The Radleys Audible Audiobook – Unabridged
Families. Sometimes they're a bloody nightmare....
Life with the Radleys: Radio 4, dinner parties with the Bishopthorpe neighbours and self-denial. Loads of self-denial. But all hell is about to break loose. When teenage daughter Clara gets attacked on the way home from a party, she and her brother, Rowan, finally discover why they can't sleep, can't eat a Thai salad without fear of asphyxiation and can't go outside unless they're smothered in factor 50.
With a visit from their lethally louche uncle Will and an increasingly suspicious police force, life in Bishopthorpe is about to change. Drastically.
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|Listening Length||9 hours and 45 minutes|
|Audible.com.au Release Date||03 September 2020|
|Best Sellers Rank||
12,250 in Audible Books & Originals (See Top 100 in Audible Books & Originals)
274 in Family Life Fiction (Audible Books & Originals)
1,432 in Family Life Fiction (Books)
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‘The Radleys’ reads like twilight fan fiction, or ‘The Lost Boys: the pensioner years’. I’m all for the suspension of disbelief but it has to feel vaguely realistic. Or if completely absurd at least set in a world with a history and rules that one can relate to in some way.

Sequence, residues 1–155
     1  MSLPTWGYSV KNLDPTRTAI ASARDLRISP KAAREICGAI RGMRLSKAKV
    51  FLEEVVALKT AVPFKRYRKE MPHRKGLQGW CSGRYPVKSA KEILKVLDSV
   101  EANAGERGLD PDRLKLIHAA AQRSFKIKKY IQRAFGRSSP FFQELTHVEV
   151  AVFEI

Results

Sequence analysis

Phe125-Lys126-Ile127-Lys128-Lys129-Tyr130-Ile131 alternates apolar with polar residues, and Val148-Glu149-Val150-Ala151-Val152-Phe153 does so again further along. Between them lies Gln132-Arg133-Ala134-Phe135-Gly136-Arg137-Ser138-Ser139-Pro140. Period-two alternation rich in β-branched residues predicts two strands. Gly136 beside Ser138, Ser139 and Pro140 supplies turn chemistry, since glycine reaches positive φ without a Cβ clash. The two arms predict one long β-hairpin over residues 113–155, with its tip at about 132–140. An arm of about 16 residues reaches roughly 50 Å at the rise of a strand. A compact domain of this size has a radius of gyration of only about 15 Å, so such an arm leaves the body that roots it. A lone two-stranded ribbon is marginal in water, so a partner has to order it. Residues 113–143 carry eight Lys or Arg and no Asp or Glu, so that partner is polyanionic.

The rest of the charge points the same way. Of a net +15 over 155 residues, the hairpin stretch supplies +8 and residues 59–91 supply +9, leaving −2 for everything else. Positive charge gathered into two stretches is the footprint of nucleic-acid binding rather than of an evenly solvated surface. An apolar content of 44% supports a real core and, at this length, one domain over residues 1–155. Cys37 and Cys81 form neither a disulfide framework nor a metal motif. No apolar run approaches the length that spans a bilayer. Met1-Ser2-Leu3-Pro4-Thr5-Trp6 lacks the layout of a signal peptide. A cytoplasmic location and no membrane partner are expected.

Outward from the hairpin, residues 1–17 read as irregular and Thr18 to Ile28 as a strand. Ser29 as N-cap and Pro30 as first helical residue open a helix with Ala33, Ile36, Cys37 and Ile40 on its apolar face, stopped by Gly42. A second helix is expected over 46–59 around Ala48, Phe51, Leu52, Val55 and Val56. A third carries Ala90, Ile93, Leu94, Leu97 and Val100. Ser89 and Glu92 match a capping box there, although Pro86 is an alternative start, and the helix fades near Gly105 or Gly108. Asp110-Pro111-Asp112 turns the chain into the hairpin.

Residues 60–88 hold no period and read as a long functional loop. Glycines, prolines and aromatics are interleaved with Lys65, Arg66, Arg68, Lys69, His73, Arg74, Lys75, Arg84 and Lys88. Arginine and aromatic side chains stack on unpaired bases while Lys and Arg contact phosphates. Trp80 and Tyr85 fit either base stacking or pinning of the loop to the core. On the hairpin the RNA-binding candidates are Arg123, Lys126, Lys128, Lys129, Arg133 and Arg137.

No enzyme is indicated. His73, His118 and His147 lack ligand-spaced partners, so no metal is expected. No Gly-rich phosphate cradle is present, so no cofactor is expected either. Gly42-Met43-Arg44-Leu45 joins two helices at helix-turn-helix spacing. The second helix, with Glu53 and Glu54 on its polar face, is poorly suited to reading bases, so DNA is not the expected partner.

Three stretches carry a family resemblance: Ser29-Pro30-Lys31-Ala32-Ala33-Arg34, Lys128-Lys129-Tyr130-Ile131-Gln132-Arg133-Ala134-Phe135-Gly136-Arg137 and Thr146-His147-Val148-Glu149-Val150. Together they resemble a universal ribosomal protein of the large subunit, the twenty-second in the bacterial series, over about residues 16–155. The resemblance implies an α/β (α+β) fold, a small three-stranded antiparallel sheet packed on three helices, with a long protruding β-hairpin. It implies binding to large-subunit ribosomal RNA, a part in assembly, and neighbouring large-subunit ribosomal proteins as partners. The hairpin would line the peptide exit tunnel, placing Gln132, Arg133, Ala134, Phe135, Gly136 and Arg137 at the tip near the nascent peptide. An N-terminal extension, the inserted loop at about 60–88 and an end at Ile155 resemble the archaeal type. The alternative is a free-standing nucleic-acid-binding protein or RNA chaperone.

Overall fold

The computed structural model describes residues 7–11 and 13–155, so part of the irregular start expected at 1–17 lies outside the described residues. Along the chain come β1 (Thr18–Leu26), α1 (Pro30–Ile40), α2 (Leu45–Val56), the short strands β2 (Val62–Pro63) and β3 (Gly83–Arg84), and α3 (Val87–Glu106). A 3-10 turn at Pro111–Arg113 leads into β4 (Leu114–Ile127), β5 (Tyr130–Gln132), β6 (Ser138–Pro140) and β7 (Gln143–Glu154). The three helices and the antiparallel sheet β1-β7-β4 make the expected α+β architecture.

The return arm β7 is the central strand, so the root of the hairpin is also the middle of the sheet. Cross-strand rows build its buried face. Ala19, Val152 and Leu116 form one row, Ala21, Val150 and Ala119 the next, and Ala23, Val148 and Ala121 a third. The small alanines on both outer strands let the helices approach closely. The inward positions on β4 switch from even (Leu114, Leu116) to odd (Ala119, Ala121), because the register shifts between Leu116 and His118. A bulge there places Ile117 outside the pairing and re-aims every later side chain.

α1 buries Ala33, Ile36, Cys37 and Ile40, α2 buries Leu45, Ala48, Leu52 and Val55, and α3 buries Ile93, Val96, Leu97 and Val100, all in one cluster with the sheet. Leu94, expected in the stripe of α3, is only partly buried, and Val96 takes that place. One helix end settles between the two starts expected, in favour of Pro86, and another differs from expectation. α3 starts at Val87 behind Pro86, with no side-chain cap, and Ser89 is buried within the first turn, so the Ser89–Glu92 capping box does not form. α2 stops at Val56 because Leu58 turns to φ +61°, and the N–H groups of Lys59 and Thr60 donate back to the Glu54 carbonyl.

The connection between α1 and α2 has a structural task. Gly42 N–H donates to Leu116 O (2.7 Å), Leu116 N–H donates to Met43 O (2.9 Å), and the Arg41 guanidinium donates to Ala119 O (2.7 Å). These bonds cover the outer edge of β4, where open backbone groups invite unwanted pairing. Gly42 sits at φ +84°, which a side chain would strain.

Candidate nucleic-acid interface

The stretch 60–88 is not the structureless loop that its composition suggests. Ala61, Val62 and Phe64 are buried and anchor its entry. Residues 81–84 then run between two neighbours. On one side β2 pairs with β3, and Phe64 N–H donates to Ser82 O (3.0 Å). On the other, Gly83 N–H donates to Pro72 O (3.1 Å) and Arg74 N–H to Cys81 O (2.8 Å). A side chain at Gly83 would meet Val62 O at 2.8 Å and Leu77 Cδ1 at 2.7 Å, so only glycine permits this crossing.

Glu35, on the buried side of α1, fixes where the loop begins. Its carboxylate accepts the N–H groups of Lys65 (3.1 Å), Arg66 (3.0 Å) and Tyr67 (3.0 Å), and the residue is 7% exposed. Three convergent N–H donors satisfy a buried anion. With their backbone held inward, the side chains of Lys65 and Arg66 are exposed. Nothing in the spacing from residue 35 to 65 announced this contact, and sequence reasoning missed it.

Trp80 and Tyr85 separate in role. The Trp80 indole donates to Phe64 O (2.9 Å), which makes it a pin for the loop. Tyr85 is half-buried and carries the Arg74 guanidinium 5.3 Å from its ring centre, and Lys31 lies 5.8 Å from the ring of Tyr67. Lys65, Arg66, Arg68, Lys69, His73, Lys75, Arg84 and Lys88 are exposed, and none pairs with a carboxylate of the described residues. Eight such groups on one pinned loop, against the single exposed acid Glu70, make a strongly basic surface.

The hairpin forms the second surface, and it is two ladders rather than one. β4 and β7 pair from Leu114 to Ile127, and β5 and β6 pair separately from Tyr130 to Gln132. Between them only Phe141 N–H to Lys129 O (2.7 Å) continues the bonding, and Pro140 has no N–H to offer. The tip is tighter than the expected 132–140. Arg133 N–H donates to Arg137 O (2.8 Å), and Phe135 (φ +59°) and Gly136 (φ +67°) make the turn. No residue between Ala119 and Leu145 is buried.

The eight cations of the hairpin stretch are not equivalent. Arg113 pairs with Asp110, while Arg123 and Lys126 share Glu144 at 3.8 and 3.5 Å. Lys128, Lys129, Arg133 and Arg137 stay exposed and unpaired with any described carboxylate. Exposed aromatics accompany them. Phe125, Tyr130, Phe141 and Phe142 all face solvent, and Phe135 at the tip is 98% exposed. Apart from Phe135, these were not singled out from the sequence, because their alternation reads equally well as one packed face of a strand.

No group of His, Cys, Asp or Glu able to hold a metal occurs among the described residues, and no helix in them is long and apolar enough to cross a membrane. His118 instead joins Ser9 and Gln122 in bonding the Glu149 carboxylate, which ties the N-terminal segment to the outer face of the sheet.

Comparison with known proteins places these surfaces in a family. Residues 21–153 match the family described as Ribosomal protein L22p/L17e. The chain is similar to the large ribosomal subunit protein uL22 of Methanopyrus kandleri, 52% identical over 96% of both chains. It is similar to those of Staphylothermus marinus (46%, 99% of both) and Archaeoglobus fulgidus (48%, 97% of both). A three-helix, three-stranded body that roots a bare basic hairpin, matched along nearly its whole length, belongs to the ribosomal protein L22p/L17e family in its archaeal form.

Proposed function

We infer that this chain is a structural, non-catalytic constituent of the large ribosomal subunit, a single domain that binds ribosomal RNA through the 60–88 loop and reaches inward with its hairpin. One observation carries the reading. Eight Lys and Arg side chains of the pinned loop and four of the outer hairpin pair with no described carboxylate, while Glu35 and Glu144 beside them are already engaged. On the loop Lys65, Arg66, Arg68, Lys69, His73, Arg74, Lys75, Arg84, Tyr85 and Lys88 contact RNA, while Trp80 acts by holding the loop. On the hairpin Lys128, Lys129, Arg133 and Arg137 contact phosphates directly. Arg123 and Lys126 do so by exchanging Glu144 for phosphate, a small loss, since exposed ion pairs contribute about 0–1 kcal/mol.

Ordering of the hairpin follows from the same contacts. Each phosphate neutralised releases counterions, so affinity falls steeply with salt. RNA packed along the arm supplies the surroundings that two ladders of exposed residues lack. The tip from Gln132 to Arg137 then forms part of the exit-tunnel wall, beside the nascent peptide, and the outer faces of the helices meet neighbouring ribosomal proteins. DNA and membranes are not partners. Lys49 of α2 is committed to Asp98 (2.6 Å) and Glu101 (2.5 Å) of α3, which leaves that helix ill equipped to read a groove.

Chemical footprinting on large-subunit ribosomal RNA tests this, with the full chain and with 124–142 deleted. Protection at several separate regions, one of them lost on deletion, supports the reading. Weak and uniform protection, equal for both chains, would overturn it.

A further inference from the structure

This however felt more like a vague idea the author had, but with no way of communicating without resorting to soap like tropes, predictable character backstories and soppy sentimental story arcs.
To summarise, forget this and jump straight to Haig’s later works as his style has matured so dramatically. I hope more of that work is in his future and not more of this.